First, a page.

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Old    Meathead (meathead65)      Join Date: Sep 2006       01-22-2012, 10:18 AM Reply   
Pretty diverse knowledge base here, so I thought I'd run this by: what advantage, if any, would there be to a home buyer choosing not to use a buyer's agent when purchasing a home? We've had some folks tell us this is a smart way to go, but no one really seems to be able to tell me why.

I've only purchased one home, and that was a new construction unit. We did have a mortgage broker/agent who initially handled our mortgage and also represented us with the builder's selling agent. Everything went smoothly and trouble free, and I don't think it cost us any additional money.
Old    Jon (jon4pres)      Join Date: May 2004       01-22-2012, 11:09 AM Reply   
If the seller has an agent they are already going to have to pay the commission.

The only advantage that I could think of is if you use the sellers agent and the agent agrees to not make the seller pay as much commission and then you get some of that back in price. I have a feeling this is not very likely to happen.
Old    Adam Curtis (acurtis_ttu)      Join Date: May 2004       01-23-2012, 6:49 AM Reply   
For most residential real estate transactions, real estate agents are not needed IMO. Anytime you can remove excess expenses from the equation , both parties are better off. And in most of the country 4-6 % of the homes sales price is a pretty big chunk of change. BUT fully expect the seller's agent to get pised, lol. they will not want to do this ( no buyers agent)

Methead...if your broker/agent represented you in the transaction....he made some money ( no one works for free) and it did cost you...indirectly. Most new construction has a budget set up to pay realtor fees. Not using a realtor on new costrucion is a great way to get 3% off the hosue...ro paid towards clsoing costs.
Old    Tom (boardjnky4)      Join Date: Dec 2011       01-23-2012, 7:46 AM Reply   
Without a buyers agent, you should be able to negotiate a lower price for the house, by getting the commission rate bumped down.
Old    SamIngram            01-23-2012, 9:01 AM Reply   
My first day job is as an expert witness/appraiser. Having a broker represent you in a transaction has been deemed sufficient as "due diligence" in both state and federal court. When something goes wrong with your house purchase, the defendant's side will make you establish the fact that you performed your due diligence. Without doing so, you will have a lot less claim to any damages. Now I know what you thinking, what could go wrong? All sorts of stuff!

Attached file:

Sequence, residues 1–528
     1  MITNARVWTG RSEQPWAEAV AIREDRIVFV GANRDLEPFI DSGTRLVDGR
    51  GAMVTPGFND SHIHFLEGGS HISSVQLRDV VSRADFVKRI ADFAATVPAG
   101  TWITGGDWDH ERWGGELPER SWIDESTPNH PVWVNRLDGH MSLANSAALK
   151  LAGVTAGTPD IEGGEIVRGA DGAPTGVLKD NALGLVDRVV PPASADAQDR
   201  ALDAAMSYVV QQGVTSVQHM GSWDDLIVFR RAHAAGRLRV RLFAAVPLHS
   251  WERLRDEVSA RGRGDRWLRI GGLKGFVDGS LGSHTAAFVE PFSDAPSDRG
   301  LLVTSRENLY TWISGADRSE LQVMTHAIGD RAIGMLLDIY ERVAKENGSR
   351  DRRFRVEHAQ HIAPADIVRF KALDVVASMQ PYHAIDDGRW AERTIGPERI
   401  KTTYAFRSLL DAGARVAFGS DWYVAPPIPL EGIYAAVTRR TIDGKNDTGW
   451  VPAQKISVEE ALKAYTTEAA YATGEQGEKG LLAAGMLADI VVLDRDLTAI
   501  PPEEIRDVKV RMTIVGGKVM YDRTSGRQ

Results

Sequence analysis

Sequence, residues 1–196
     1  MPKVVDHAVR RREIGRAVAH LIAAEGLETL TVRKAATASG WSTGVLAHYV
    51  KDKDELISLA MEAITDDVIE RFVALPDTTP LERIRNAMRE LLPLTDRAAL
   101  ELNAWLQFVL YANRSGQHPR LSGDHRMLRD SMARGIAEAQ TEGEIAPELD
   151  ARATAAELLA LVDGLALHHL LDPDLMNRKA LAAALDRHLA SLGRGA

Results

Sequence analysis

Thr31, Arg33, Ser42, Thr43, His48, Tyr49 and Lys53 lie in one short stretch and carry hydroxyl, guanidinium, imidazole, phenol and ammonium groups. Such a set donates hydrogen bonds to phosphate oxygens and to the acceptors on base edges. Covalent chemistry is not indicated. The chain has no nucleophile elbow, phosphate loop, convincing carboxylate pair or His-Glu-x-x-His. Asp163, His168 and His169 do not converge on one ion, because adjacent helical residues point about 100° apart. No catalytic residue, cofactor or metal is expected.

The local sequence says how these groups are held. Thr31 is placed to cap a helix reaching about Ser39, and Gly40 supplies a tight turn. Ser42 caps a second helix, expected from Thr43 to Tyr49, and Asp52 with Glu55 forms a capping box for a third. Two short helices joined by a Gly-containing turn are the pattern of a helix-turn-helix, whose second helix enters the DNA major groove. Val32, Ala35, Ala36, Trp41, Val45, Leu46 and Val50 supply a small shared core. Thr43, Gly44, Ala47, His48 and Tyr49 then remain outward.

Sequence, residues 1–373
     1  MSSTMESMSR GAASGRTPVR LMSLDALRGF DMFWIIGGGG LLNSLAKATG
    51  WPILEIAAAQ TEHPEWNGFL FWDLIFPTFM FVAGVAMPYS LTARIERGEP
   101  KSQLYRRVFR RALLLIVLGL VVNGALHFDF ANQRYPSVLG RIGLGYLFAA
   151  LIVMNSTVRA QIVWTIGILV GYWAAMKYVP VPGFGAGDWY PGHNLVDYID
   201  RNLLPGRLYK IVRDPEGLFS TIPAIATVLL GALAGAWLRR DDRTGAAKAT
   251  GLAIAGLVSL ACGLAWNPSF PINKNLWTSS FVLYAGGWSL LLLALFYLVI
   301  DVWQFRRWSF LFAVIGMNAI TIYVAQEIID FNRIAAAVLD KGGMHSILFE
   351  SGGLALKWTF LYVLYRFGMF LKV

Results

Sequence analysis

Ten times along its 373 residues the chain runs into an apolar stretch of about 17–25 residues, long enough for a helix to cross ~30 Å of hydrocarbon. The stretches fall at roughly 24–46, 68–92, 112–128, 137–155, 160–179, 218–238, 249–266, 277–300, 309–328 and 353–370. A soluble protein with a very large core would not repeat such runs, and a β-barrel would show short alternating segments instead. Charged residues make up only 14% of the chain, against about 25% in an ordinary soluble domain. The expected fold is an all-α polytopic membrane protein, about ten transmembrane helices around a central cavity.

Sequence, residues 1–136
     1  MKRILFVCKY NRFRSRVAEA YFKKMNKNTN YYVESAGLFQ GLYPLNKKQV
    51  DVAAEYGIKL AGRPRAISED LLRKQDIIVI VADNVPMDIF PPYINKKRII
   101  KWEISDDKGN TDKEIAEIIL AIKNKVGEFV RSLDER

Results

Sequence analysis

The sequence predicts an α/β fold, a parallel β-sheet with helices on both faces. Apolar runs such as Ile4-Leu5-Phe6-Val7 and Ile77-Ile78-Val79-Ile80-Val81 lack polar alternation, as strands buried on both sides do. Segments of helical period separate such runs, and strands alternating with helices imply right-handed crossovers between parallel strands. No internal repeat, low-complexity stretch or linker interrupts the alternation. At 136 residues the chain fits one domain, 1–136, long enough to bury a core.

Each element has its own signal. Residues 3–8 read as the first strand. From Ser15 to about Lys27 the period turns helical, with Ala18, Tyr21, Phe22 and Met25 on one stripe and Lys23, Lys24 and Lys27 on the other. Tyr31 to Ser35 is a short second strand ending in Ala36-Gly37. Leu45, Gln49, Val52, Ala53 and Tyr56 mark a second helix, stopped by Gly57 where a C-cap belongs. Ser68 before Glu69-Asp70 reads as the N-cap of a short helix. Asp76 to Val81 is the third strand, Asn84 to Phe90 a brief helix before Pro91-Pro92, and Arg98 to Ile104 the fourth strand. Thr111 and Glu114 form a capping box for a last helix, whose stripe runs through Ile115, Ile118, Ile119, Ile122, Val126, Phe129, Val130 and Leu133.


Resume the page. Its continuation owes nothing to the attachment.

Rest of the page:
The seller's broker has a legal fiduciary duty to the SELLER, not the buyer, unless they are acting as a dual agent.

As a fiduciary, a real estate broker is held by law, to owe specific duties to his/her principal, in addition to duties or obligations set forth in a listing agreement, buyer representation agreement, or other contract of employment. These specific fiduciary duties include:

Loyalty
Obedience
Disclosure
Confidentiality
Reasonable Care and Diligence
Accounting

Loyalty

One of the most fundamental fiduciary duties an agent owes to the principal. The duty obligates a real estate broker to act at all times, solely in the best interests of the principal, excluding all other interests, including that of the broker.

Obedience

An agent is obligated to promptly and efficiently obey all lawful instructions of his/her principal that conform to the purpose of the agency relationship. However, the duty does not include an obligation to obey unlawful instructions, such as instructions to not market a property to minorities or to misrepresent the condition of a property.

Disclosure

An agent must disclose to the principal all known relevant and material information that pertains to the scope of the agency. The duty includes any facts affecting the value or desirability of the property, as well as any other relevant information pertaining to the transaction, such as the other party's bargaining position, the identity of all potential purchasers, information concerning the ability or willingness of the buyer to offer a higher price, any intent to subdivide or resell the property for a profit.